Contact: John Culclasure, Central Appalachian States Manager
On April 16, two marine fisheries management reform bills reported favorably out of the North Carolina House Committee on Wildlife Resources.
HB 483, Let Them Spawn, would require a minimum size limit on marine fish species to ensure seventy-five percent of the juvenile fish at the minimum size limit established for the species have reached maturity and had an opportunity to spawn at least once. North Carolina Legislative Sportsmen’s Caucus Co-Chairs Representatives Larry Yarborough and Michael Wray, as well as Caucus members Representative Jason Saine and Brian Turner sponsored the legislation. Fish species covered by the legislation would include spot, Atlantic croaker, striped mullet, Southern flounder, bluefish, and kingfishes. The bill reported favorably out of committee with a substitute and was referred to the House Committee on Environment.
HB 486, “Commercial Fishing License Reforms,” would strengthen the requirements for obtaining and holding a commercial fishing license. Sponsored by Caucus Co-Chairs Reps. Yarborough and Wray, and Caucus Members Reps. Jimmy Dixon and Carla Cunningham, the intent of the legislation is to curtail the use of commercial fishing licenses by recreational anglers that are not bona fide commercial fishermen. The legislation passed out of Committee and was referred to the House Committee on Finance.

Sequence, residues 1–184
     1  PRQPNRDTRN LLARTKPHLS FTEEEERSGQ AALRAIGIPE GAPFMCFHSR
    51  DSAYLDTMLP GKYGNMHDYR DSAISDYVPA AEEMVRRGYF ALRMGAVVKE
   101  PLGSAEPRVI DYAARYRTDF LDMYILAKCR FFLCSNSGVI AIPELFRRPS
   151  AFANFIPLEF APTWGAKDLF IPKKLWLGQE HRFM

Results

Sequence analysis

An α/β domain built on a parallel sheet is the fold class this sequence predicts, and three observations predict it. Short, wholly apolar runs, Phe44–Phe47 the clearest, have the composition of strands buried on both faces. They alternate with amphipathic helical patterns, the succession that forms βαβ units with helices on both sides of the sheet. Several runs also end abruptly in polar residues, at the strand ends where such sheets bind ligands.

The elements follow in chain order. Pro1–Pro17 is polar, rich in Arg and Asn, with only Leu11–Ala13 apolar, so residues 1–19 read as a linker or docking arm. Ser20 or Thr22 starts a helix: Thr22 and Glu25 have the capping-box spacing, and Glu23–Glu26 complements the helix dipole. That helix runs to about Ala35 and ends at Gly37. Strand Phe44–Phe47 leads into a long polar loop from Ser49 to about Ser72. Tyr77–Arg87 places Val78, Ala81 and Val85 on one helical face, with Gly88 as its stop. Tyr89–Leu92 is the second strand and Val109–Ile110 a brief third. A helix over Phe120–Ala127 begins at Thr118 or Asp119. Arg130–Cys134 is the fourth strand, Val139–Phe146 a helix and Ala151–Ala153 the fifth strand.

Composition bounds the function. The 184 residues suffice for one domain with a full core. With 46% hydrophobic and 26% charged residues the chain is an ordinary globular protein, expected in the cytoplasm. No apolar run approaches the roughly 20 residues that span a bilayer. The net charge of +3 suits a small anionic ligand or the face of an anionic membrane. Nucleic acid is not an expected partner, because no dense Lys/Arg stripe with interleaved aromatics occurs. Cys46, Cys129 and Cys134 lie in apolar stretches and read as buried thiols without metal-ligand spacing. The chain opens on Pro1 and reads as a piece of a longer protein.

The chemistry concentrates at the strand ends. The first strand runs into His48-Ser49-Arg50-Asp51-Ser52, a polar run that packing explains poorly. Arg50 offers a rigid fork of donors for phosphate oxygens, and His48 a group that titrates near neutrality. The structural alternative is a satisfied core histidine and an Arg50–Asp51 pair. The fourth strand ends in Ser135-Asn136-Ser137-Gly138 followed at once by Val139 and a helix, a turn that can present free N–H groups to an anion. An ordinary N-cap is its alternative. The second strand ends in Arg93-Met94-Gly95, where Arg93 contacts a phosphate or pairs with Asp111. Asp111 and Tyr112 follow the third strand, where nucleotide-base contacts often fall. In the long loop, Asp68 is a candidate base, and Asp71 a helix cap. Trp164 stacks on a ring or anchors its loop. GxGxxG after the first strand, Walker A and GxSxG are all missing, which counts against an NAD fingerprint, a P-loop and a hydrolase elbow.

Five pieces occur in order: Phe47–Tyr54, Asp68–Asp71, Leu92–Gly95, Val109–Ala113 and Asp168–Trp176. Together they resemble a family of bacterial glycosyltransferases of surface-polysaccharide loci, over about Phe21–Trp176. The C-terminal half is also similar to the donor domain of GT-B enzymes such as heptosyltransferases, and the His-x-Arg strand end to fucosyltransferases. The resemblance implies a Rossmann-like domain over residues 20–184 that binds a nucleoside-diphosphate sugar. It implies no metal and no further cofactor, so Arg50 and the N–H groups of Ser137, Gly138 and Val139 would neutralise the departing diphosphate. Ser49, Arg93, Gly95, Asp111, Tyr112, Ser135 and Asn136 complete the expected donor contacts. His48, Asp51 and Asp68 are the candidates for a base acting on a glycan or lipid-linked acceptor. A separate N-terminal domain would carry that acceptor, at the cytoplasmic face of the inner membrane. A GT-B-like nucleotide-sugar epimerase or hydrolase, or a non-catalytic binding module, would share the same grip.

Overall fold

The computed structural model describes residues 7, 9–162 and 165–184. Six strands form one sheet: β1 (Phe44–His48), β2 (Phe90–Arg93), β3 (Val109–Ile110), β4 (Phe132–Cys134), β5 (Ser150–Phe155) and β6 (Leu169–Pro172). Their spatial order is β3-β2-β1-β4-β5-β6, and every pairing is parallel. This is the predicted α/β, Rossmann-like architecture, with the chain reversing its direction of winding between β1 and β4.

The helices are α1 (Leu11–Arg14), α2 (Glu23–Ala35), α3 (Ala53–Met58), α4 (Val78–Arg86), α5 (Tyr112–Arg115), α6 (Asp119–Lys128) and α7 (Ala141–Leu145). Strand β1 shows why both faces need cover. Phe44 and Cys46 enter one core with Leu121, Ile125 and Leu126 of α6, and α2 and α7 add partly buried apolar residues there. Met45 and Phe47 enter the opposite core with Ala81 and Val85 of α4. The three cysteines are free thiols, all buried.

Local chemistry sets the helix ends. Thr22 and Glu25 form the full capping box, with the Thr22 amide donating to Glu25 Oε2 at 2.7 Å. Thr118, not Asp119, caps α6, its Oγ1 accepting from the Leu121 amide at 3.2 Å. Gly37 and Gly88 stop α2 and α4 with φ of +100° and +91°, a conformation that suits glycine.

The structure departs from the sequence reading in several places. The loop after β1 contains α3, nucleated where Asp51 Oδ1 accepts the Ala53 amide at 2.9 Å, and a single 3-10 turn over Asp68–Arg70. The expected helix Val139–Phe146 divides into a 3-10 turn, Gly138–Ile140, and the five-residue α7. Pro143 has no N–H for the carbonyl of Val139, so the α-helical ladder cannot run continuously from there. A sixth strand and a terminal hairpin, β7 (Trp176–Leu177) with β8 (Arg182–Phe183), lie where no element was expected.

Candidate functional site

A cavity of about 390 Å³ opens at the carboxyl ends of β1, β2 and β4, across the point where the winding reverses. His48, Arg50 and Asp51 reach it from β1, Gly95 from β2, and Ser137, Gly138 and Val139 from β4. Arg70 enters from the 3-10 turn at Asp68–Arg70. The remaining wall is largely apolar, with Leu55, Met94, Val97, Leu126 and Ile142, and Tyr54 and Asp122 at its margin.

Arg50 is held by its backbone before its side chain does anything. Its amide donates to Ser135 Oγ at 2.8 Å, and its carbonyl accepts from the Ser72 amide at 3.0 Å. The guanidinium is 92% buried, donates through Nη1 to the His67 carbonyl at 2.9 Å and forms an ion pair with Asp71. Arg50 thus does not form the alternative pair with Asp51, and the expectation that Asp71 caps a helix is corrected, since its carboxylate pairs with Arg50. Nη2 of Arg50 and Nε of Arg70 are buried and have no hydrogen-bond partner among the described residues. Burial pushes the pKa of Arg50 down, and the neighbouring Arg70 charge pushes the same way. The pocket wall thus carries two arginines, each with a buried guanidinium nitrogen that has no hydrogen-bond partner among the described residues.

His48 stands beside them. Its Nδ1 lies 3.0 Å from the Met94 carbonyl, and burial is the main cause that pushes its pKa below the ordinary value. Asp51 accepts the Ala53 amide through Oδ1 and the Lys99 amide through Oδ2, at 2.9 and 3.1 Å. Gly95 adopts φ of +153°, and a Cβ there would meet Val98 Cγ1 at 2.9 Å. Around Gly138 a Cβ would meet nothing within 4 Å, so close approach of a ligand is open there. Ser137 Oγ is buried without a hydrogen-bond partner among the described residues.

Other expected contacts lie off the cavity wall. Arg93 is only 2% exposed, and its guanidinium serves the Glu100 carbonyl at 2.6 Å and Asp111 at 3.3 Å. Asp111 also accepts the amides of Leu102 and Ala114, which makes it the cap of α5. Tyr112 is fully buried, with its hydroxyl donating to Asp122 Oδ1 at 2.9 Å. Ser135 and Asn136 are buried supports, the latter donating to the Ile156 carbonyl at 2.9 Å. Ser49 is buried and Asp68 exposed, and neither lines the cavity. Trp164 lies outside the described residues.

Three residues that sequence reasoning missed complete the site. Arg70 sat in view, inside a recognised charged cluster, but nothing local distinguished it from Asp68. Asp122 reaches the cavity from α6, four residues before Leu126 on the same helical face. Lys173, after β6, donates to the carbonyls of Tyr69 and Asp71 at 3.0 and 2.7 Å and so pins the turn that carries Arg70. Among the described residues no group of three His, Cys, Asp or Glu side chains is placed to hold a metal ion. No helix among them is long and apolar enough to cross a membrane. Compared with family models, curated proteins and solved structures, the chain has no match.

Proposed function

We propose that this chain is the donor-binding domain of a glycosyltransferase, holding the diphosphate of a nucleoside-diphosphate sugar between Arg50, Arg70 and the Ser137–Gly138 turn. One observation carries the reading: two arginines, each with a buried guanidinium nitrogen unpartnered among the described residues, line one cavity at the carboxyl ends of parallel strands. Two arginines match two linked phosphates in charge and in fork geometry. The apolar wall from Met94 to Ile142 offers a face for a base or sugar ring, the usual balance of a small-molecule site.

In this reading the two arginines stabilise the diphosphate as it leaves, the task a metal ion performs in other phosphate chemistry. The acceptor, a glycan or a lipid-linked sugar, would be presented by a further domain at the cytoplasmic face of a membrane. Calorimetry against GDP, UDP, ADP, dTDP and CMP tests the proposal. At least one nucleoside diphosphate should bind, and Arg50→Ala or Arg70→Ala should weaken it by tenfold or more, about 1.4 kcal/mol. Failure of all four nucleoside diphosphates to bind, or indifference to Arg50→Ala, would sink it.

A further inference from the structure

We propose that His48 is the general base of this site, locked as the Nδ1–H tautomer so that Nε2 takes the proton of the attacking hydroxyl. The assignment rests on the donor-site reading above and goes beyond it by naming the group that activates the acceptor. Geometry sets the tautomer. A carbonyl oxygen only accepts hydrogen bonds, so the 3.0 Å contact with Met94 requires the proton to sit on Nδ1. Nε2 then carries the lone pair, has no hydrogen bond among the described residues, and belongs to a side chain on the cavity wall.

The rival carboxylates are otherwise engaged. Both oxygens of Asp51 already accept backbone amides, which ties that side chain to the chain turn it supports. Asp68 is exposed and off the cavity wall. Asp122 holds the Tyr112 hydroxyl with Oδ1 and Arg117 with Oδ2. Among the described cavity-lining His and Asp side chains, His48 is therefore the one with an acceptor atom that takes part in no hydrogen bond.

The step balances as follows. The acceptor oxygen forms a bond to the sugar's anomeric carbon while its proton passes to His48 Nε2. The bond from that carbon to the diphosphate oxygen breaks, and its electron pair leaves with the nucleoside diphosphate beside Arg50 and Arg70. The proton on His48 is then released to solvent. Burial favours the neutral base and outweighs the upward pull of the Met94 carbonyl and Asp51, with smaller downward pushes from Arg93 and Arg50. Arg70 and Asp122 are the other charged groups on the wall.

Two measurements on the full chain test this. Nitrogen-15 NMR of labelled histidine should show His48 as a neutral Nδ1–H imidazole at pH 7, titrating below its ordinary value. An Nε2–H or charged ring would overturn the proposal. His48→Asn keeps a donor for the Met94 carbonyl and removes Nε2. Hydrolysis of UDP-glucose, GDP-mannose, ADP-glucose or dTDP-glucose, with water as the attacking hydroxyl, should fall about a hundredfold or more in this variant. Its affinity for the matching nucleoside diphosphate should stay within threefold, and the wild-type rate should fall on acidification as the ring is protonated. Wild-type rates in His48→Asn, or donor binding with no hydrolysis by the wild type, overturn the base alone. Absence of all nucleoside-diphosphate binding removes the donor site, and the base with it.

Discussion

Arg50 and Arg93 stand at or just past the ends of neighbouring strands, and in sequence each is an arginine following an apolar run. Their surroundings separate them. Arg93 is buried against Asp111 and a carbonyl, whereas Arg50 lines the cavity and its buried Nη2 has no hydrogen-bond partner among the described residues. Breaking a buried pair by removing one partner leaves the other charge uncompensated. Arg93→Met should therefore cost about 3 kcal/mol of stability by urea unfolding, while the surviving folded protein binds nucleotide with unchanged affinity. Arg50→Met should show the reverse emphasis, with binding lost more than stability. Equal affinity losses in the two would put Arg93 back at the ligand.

“North Carolina finfish stocks have been declining for years, and as Co-Chair of the North Carolina Legislative Sportsmen’s Caucus I’m committed to improving fisheries management for the benefit of coastal communities and all anglers,” said Rep. Yarborough.
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- Improve hunter and target shooter involvement in regulatory and legislative processes. (11.52%)
- Enact or expand temporary hunter education deferral programs (apprentice license programs, multiyear options, programs for all first-time hunters regardless of age, and programs promoting hunting of multiple game species). (11.52%)
- Offer shooting sports and hunter education as school activities and recreation programs. (64.40%)
- Link existing programming into family-oriented organizations (such as churches and home-school groups) where participants will have the social support to continue. (12.57%)